WASHINGTON/CHICAGO, June 2 (Reuters) – JBS SA employees were returning to U.S. meat plants on Wednesday, a day after the company’s beef operations stopped following a ransomware attack.
A posting on Facebook said JBS workers in Brooks, Alta., were also returning to work Wednesday.
A notorious Russia-linked hacking group is behind the cyberattack against JBS that disrupted meat production in North America and Australia, a source familiar with the matter said.
Brazil’s JBS controls about 20% of the slaughtering capacity for U.S. cattle and hogs, so the plants starting to reopen should prevent a severe supply chain disruption although it was unclear when all plants would be operating as normal again.
Plants are expected to return to full capacity in the next couple days, said officials with the United Food and Commercial Workers (UFCW) International Union, which represents over 25,000 JBS meatpacking workers.
JBS, the world’s largest meatpacker, said on Tuesday night it made “significant progress in resolving the cyberattack.” The “vast majority” of the company’s beef, pork, poultry and prepared foods plants will be operational on Wednesday, according to a statement.
The cyberattack followed one last month by a group with ties to Russia on Colonial Pipeline, the largest fuel pipeline in the United States, which crippled fuel delivery for several days in the U.S. Southeast.
It is the third major attack this year tied to Russia, and White House press secretary Jen Psaki said on Wednesday the JBS hack was expected be discussed at the mid-June summit with Russian President Vladimir Putin.
“We’re not taking any options off the table in terms of how we may respond, but of course there’s an internal policy review process to consider that, we’re in direct touch with the Russians, as well, to convey our concerns about these reports,” Psaki added.
“President Biden certainly thinks that President Putin and the Russian government has a role to play in stopping and preventing these attacks.”
The Russian cyber gang goes by the name REvil, the source said.
Cybersecurity investigators have previously said they believe some members of the REvil ransomware team are based in Russia. The prolific ransomware group, which is perhaps best known for attacking an Apple Inc supplier named Quanta Computer earlier this year, has previously posted in Russian on cybercrime forums, marketing stolen data.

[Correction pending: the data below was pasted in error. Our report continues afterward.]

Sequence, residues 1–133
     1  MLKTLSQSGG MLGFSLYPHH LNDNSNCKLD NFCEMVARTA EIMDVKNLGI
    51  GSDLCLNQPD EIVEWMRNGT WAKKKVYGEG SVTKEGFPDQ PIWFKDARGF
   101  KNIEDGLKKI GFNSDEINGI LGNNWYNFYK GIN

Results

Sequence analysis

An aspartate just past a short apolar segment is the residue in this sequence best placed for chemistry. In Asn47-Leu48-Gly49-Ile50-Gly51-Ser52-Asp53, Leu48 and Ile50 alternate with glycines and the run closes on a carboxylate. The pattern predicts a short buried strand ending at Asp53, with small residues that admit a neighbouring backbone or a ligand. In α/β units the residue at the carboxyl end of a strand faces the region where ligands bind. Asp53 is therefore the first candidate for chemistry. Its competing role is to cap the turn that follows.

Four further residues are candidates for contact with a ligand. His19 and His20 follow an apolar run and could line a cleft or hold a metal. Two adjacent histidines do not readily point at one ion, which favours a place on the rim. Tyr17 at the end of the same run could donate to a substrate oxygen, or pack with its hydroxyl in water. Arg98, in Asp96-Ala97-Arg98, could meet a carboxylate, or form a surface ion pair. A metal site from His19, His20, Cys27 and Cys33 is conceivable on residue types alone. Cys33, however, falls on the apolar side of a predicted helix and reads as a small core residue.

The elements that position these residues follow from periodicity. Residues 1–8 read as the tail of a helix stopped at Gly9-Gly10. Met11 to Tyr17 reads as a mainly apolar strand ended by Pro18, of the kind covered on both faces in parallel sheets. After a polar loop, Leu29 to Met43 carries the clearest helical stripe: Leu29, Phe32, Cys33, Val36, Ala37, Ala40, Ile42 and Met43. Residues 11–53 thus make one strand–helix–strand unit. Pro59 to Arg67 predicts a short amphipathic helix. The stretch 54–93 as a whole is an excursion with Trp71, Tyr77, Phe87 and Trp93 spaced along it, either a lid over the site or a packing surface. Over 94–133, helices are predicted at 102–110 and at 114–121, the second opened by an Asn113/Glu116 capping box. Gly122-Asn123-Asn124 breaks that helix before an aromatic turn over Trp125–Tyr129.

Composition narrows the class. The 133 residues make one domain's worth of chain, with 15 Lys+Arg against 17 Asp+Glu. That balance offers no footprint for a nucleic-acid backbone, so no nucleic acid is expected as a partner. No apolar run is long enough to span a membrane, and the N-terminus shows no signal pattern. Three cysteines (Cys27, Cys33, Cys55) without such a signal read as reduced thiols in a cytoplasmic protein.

In the Quanta Computer case, the hackers sent extortion threats and demanded a payment of $50 million for the company to regain access to its systems.
Over the past few years, ransomware has evolved into a pressing national security issue. A number of gangs, many of them Russian speakers, develop the software that encrypts files and then demand payment in cryptocurrency for keys that allow the owners to decipher and use them again.
With North American operations headquartered in Greeley, Colorado, JBS sells beef and pork under the Swift brand, with retailers like Costco Wholesale carrying its pork loins and tenderloins.
U.S. beef and pork prices are already rising as China increases imports, animal feed costs rise and slaughterhouses have confronted a labor shortage since COVID-19 outbreaks shut down many U.S. meat plants.
“It’s probably going to be pretty tight for the next few days because even though they (JBS) are going to start opening they say today, who knows how they are going to run,” said Altin Kalo, economist at Steiner Consulting Group. “There’s a fair amount of people that are scrambling (for beef supplies).”
U.S. meatpackers on Wednesday slaughtered 12.5% fewer cattle than a week earlier and 8% less than a year earlier, though slaughtering was up about 12% from Tuesday, according to estimates from the U.S. Department of Agriculture.
JBS also owns most of chicken processor Pilgrim’s Pride Co, which sells organic chicken under the Just Bare brand.
The company’s operations in Brazil, Mexico and the United Kingdom were not affected by the attack, JBS said.
JBS canceled an early shift on Wednesday at its beef plant in Greeley, but a later shift was scheduled to resume normally, representatives of the UFCW Local 7 union said. Plant security also said the second shift was working.
A JBS beef plant in Grand Island, Nebraska, told its workers on Facebook it would resume normal schedules in all departments.
Chicago Mercantile Exchange (CME) cattle futures rose on Wednesday after tumbling on Tuesday as the JBS plant shutdowns prevented farmers from delivering their cattle to slaughter plants.
The attack drew attention to the concentrated beef sector in the United States, where four companies including JBS slaughter over 80% of fed cattle and shutdowns of slaughtering plants have a severe impact on prices ranchers are paid for their cattle.
“The Justice Department needs to take a serious look into the meatpacking industry, and if they cannot, Congress needs to pass reforms that protect a fair and open cattle market,” U.S. Senators led by Republican Mike Rounds of South Dakota and Democrat Tina Smith of Minnesota wrote in a letter to Attorney General Merrick Garland.